It would tend to be, depending on location, a fraction of it. One of your major costs is rent. In an urban area, you might pay a couple of hundred rupees per square foot. In a really smaller location, you might be paying a tenth of that, Rs 15 – 20 per square foot. Physical costs thus tend to be much smaller. Costs are significantly lower but the business and market potential is also significantly lower. There is not too much difference for the time it takes for an urban, semi-urban, rural branch to break even. Typically, a branch in almost in any area takes two and a half to three years to breakeven. Branch metrics tend to drop as you go to smaller and smaller markets, but also your cost structure moves in tandem with the time it takes to break even. This requires a certain business model and a certain product range. If you are trying to make a branch viable by only doing a couple of products, it might take much longer.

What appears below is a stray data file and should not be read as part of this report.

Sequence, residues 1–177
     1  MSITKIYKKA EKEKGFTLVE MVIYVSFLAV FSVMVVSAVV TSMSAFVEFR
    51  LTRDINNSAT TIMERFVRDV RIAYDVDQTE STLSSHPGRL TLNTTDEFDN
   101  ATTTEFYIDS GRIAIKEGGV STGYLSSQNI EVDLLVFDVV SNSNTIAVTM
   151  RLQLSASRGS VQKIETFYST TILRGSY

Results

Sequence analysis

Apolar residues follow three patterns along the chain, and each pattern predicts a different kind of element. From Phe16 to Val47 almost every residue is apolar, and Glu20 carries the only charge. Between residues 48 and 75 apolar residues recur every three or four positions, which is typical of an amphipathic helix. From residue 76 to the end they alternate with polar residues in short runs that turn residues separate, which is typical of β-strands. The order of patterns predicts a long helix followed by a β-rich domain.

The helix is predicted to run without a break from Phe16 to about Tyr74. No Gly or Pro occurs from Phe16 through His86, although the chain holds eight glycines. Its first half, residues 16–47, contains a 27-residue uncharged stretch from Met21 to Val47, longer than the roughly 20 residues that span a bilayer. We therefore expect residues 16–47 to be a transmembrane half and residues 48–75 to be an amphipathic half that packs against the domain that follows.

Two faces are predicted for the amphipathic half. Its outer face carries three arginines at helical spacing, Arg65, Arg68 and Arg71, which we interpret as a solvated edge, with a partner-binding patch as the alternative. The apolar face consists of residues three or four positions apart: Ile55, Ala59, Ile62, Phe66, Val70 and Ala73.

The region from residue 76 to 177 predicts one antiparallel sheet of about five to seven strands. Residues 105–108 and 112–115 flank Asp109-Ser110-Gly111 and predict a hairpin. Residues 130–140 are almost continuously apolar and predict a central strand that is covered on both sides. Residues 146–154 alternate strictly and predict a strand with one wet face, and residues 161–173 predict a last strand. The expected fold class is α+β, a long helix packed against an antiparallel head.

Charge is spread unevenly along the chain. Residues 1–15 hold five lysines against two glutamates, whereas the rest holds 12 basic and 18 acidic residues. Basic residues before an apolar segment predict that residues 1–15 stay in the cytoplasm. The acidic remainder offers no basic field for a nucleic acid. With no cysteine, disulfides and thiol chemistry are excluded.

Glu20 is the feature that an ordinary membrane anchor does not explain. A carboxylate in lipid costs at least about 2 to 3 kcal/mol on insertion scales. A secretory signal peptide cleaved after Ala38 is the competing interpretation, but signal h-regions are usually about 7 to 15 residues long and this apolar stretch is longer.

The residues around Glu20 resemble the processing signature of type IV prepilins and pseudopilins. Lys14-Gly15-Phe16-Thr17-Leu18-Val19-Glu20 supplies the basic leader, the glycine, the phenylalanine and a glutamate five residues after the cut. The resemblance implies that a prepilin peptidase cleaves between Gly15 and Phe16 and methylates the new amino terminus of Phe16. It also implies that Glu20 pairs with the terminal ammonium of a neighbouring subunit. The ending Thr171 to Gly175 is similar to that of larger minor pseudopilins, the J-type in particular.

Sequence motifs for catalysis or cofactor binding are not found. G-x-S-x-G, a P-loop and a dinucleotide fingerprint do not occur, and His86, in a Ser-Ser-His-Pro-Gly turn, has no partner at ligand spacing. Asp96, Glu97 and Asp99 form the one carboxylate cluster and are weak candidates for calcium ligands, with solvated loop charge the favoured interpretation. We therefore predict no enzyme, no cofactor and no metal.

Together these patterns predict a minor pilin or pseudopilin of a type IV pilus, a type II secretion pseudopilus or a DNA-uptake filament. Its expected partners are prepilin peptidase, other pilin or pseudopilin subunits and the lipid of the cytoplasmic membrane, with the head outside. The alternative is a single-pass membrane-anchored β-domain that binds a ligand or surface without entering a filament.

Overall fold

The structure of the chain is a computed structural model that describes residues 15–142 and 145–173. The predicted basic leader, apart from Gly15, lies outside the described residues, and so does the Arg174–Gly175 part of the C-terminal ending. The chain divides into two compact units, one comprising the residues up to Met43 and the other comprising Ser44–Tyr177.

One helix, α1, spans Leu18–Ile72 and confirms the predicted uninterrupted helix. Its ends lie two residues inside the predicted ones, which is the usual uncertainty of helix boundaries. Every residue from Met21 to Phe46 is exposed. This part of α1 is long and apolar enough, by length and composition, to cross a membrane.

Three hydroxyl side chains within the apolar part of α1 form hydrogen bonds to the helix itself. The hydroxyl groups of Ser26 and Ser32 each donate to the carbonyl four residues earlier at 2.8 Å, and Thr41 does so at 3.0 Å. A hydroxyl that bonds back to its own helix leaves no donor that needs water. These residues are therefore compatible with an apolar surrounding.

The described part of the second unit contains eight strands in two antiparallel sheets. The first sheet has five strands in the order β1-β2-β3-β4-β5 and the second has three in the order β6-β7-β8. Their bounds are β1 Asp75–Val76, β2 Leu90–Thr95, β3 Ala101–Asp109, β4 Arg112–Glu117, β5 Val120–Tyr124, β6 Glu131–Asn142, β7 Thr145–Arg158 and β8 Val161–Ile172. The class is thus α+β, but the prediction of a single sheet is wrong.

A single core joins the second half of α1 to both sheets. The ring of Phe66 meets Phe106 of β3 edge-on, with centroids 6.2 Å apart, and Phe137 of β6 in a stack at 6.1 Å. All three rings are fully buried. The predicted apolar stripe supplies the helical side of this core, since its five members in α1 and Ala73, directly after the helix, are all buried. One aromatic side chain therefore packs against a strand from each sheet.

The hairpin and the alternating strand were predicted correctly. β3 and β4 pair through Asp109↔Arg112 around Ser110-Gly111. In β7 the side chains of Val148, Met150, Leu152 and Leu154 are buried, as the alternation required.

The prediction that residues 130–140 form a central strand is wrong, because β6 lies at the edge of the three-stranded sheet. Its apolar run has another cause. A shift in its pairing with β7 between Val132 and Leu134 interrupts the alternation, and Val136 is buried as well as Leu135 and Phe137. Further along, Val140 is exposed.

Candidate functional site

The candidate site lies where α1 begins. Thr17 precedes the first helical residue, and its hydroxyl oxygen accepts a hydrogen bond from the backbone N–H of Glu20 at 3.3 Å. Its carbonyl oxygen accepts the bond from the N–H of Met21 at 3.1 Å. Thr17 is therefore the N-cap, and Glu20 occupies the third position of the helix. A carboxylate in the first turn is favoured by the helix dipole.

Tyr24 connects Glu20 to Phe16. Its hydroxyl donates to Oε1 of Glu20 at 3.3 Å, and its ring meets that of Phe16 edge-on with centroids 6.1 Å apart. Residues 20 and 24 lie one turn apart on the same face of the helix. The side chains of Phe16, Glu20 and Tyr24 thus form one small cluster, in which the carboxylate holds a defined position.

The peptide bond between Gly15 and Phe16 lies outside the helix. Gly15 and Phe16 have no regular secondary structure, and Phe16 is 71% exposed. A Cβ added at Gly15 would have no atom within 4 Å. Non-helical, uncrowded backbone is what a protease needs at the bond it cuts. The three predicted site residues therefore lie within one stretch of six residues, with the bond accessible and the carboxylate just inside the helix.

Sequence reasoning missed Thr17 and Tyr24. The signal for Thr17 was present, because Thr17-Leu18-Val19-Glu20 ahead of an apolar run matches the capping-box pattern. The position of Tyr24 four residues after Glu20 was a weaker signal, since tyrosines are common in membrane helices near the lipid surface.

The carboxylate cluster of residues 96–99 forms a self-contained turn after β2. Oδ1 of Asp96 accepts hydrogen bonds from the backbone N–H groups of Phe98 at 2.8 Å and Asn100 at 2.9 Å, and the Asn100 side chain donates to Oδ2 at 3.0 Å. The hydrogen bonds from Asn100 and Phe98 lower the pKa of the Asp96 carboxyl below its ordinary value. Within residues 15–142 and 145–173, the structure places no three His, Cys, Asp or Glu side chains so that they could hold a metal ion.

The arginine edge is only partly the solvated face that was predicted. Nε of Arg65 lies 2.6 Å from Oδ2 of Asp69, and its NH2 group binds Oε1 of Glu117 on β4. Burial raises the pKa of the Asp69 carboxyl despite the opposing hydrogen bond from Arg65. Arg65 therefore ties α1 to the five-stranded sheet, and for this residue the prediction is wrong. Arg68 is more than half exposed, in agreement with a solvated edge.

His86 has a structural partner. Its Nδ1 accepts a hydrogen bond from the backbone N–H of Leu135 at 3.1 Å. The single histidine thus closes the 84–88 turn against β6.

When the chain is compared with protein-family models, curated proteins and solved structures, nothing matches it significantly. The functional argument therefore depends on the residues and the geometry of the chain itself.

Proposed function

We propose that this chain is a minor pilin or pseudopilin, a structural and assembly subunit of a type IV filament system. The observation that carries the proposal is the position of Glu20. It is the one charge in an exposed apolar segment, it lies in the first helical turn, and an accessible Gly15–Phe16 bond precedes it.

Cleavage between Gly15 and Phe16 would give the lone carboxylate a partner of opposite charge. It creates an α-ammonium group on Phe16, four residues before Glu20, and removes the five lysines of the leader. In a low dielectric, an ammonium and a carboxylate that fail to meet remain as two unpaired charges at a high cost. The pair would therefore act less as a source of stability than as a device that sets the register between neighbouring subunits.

FI: Over the last 20 odd years, PSU banks still have a market share of 70 percent. Why is that?
If you look at retail credit example, at that time when we started, it was 3-4 percent of GDP; today it is in the low teens. What has been achieved is an increased coverage or increased penetration of banking services. On an incremental basis, in the growth, there has been a distinct shift in market share. But there is a large base that has always been there and therefore maybe the public sector bank segment, which was 90- odd percentage, is 70 percent today. You have strong banks within every segment. So to suggest that the public sector banks have lost market share, that doesn’t take away from the fact that you have banks in that segment who are doing really well and will continue to do very well.
FI: Banking at the end of the day is more about pricing than services. Depositors require services and borrowers require pricing.